1. crittermom

        Thank you for the recommendation. I had heard that sugar is a major thing to avoid, but nothing about the carbs before.

      2. roadrider

        Eh. That’s confusing cause and effect. No doubt sugar and excess carbs is not healthy but the idea that cancer “feeds on” sugar or that sugar directly causes or worsens cancer is a confusion of cause and effect. Cancer cells grow more rapidly than normal cells and thus take up more nutrients of all types.


        I am also a cancer survivor (prostate)

        1. clarky90

          Hi RR. “Tripping Over The Truth” by Travis Christofferson is good discussion of the issues. If you search ketogenic diet/cancer there is lots of research. I am camping now, sending this from my ph, so don’t know how to post links.

          50% of us will get cancer. It is very much on my mind! Kids, grandkids, friends, neighbors…… Ketogenic diet is 80% fat, 10% protein, 10% carbs. It is what I do. You pays your money and you take your chances!

          So far the pharmaceutical lizards are not particularly interested in using coconut oil you buy at supermarket to starve cancer? I can’t figure out their lack of enthusiasm? A total mystery

      3. Steve H.

        Just skimming the top of the water here, so do follow up with your own research. Cancer cannot metabolize ketones, so a ketogenic (very low NET carb, <30 gm) diet can inhibit growth and allow lower doses of chemo to be effective. This also induces autophagy, which helps clear potential initiators from cells.

        Also, net carbs does not include fiber. Fiber good. Fiber necessary. And a ketogenic diet can have side effects, so about once a week you want a high glycemic burst to pulse your insulin and reset hormone levels.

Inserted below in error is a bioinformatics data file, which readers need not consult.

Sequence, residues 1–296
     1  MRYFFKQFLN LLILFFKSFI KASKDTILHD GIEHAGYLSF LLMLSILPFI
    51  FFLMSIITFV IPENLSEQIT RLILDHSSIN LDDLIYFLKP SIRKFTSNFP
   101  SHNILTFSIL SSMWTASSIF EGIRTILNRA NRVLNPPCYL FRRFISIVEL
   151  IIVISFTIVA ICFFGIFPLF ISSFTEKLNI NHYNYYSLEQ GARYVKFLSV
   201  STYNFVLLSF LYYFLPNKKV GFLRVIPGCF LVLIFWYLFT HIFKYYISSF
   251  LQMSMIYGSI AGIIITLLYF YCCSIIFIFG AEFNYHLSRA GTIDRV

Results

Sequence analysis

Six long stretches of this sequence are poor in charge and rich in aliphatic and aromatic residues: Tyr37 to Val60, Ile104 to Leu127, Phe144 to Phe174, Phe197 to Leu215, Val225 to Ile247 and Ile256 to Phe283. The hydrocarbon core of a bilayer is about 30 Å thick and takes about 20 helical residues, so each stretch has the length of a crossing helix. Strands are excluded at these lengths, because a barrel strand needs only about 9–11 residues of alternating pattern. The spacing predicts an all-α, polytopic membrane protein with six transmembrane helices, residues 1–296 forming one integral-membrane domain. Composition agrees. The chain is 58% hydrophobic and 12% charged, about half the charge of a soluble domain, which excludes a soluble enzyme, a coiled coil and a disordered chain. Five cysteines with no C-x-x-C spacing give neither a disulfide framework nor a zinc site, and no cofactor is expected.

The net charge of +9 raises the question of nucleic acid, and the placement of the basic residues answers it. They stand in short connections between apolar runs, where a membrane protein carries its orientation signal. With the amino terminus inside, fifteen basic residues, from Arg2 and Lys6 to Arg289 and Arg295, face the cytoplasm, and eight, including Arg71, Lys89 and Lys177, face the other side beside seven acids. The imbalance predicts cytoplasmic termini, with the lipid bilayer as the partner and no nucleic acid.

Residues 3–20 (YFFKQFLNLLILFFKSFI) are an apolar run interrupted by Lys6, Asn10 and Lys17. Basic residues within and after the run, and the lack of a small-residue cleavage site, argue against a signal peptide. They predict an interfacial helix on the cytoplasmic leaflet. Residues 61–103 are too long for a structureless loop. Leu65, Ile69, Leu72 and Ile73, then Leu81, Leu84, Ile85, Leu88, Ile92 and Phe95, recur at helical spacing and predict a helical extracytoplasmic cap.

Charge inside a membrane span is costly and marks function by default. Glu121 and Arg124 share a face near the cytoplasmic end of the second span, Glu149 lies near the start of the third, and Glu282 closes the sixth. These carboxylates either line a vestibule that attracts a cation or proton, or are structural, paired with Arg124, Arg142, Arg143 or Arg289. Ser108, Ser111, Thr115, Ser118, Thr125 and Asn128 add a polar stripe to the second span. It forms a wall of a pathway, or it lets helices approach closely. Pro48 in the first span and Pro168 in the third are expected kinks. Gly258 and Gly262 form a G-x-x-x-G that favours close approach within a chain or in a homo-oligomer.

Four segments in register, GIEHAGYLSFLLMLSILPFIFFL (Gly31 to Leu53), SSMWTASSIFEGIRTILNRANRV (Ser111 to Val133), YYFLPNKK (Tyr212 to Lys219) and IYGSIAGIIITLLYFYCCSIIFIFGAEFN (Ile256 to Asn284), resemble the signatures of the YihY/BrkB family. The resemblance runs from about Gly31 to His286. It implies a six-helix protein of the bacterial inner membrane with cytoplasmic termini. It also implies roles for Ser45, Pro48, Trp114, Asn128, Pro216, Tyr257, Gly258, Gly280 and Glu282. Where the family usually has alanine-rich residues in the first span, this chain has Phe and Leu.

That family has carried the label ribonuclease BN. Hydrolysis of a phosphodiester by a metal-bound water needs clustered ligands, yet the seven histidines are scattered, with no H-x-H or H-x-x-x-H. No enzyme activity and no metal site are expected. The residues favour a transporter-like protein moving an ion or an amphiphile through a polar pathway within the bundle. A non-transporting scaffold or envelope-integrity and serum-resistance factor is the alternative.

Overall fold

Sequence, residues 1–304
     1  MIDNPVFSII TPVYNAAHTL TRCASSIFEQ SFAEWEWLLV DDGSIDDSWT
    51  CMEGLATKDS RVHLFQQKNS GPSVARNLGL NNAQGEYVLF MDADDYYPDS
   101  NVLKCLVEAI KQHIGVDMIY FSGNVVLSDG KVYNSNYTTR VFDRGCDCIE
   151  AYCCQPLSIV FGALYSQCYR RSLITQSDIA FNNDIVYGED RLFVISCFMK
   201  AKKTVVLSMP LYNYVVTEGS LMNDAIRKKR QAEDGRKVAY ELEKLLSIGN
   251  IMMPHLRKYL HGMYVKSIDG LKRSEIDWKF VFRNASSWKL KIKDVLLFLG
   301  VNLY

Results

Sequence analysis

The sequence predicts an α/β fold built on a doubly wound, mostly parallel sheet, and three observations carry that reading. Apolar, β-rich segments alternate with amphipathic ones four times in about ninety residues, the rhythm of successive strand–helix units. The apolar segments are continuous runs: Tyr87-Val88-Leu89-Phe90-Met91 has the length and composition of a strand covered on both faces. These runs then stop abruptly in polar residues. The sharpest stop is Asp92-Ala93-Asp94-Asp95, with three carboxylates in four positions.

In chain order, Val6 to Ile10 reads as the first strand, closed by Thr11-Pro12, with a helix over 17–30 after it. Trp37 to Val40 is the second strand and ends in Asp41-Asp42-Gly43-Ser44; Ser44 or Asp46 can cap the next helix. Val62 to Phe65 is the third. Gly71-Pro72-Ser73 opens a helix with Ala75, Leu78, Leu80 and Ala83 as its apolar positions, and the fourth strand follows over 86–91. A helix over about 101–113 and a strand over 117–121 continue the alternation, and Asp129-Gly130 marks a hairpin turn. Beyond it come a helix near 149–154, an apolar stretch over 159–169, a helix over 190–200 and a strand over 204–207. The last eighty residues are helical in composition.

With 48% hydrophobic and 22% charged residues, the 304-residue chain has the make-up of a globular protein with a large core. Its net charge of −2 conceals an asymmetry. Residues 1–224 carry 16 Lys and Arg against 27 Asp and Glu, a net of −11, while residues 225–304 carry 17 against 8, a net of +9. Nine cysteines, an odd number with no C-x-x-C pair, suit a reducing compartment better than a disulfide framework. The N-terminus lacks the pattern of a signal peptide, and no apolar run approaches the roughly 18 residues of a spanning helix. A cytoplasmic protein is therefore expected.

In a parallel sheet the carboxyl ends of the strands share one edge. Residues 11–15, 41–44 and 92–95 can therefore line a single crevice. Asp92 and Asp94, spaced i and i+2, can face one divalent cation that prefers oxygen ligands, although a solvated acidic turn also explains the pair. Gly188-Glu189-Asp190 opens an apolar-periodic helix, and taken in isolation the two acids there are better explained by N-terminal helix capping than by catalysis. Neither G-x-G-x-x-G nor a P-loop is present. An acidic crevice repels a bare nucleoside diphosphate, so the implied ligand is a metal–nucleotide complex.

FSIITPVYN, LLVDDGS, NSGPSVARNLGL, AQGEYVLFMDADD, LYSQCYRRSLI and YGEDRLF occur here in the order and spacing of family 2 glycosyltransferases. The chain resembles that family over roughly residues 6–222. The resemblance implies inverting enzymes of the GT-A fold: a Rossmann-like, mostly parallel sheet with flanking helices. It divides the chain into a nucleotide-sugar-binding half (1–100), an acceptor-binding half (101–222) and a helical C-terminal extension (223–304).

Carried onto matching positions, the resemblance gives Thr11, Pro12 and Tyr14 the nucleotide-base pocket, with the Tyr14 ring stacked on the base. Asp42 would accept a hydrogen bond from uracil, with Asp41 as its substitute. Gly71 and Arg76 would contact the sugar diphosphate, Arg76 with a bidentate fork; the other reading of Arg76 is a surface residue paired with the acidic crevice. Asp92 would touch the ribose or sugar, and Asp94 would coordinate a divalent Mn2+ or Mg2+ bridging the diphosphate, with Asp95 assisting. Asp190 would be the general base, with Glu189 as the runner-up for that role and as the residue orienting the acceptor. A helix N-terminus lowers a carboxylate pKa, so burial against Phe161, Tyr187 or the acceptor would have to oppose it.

All the best, crittermom.

    4. RUKidding

      All the best. A friend of mine, who is yoga instructor and very very picky about everything, developed breast cancer two years ago. She chose to have a single mastectomy with no chemo or radiation. She had to fight a bit to have that happen, but the docs finally agreed. She did have immediate reconstruction. She did have insurance.

      I suspect that mastectomy is the way to go, especially if you’re at an early stage where you can avoid chemo and radiation. Save that for later, which hopefully will be never.

      All the best. So sorry to learn you life story. It does point out how some, no matter how well they plan, can end up in a sh*tty situation. I know several women in a similar plight (including the breast cancer). I think it’s partly that women, typically, earn less than men. But your story does highlight what can happen to any citizen, no matter how well they plan.

      All the best, though. I hope you can find a happy solution. You still have your son and hopefully you can improve your social network where you live.

      1. Lambert Strether Post author

        > no matter how well they plan, can end up in a sh*tty situation

        Why universal benefits are the only solution.

        I think there are probably many in CritterMom’s situation. Wrong!